Captain Obvious here reminding us of a few things, basics only. Not talking about Marathon training or sprinting at a Track & Field meet. General Population needs, rather.
There’s running and there’s walking.
Running is faster than walking.
Walking is the most efficient method for bipedal locomotion, the one you can do the longest with minimal exertion.
Running can be done at different speeds.
You can jog, or you can sprint.
If you run for distance and time and you are gassed at the end, you ran too fast to sustain the determined distance or length of time.
When you sprint, you train for speed (velocity), in an all-out effort, and you don’t really breathe much during, therefore you can’t sprint for a long time or a long distance, and you need a lot of time to recover.
Cheetahs run fastest and shortest distances. Catch a prey quickly, and they live. Antelopes run slower but can run longer; if they stay ahead long enough or zig zag well, they live. Elephants walk for very, very long distances.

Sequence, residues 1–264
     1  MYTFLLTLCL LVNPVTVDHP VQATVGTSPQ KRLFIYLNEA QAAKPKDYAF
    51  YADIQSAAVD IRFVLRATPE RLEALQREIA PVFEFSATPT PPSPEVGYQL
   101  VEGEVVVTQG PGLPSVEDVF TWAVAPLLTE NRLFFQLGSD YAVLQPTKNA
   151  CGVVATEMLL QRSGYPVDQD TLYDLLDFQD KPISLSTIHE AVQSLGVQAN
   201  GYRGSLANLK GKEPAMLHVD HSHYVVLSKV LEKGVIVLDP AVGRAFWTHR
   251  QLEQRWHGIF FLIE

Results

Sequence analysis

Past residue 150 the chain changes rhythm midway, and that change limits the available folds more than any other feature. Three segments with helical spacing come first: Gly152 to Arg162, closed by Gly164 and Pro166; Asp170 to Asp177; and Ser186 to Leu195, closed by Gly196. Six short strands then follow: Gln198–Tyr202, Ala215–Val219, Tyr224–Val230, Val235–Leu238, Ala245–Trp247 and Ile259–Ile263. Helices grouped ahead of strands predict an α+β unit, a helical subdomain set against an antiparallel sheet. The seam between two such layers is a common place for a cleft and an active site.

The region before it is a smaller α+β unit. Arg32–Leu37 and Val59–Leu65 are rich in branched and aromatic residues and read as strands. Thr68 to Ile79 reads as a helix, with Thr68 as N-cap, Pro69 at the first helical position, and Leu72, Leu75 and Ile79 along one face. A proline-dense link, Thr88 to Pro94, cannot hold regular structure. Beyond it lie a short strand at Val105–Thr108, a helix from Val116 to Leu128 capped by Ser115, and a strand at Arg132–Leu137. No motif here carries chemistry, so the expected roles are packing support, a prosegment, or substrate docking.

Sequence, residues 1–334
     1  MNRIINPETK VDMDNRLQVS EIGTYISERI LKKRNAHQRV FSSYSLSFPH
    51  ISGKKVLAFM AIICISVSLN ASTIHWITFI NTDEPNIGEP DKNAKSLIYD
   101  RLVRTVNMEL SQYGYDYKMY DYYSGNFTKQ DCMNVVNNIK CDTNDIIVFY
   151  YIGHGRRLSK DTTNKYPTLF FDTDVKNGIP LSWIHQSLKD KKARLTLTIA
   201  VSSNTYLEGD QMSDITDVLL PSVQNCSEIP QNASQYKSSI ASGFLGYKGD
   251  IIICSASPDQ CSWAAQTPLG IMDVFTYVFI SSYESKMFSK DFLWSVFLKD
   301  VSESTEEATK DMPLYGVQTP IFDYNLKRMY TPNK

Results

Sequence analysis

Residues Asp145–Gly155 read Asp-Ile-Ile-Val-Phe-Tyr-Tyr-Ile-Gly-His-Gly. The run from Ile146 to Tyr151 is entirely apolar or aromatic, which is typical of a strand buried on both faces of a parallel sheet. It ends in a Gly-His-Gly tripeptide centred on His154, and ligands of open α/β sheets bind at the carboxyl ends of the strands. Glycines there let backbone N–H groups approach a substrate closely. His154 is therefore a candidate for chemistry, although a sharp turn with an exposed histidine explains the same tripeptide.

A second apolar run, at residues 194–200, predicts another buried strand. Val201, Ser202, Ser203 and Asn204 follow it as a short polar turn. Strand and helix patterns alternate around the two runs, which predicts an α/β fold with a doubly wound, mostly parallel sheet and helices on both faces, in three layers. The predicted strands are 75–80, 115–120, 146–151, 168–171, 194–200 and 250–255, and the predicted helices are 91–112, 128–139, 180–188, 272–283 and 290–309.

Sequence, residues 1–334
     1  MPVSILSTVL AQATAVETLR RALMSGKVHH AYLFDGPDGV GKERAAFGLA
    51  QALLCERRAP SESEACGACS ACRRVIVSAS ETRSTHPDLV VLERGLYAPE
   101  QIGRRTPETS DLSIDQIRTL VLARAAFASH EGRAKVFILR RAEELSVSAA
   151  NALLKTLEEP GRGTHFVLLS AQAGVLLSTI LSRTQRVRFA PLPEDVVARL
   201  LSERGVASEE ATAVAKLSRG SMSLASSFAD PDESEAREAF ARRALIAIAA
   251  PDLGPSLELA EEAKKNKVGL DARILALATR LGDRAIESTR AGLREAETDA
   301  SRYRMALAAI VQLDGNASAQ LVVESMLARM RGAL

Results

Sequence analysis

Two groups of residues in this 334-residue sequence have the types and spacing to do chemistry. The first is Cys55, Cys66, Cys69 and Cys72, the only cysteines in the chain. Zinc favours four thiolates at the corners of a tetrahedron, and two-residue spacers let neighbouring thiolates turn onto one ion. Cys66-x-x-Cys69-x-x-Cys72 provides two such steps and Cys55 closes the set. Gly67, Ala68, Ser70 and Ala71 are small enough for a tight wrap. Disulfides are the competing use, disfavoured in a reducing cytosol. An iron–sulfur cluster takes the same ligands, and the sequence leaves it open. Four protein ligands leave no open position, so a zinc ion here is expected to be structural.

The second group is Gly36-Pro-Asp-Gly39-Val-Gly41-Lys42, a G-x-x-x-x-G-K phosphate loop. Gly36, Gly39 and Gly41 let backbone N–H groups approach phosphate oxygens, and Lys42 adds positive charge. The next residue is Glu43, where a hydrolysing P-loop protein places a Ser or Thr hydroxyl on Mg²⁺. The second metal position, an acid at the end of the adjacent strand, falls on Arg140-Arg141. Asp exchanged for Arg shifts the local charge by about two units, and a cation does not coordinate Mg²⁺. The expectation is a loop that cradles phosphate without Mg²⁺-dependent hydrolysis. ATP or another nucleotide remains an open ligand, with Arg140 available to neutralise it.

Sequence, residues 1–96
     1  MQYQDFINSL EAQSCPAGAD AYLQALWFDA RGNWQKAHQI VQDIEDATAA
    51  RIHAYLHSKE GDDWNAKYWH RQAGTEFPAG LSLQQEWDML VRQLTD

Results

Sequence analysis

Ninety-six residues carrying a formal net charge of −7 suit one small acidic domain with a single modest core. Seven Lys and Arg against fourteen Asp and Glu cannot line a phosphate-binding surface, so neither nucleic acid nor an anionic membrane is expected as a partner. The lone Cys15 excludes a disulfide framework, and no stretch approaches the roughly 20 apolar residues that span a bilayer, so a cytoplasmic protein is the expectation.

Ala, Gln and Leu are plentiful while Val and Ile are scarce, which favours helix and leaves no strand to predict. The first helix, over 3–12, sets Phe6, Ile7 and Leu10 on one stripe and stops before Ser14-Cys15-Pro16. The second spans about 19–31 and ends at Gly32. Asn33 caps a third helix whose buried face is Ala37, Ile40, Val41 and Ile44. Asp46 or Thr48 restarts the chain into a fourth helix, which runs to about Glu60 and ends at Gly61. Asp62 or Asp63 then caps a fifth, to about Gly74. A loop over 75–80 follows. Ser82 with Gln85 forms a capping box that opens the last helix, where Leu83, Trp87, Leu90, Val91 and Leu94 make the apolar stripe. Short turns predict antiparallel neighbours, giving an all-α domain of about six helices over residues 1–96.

Manage your effort accordingly.
Just trying to say: look at your walking/jogging/sprinting differently, from a fatigue management standpoint rather than what fitness level you are looking to achieve. Own each category, then decide the course of action for the more specific goal (i.e. marathon…)
Captain Obvious, signing off, providing a sneak peak into Book 3 of The Natural Method (all-around athleticism in all categories, no micro goal).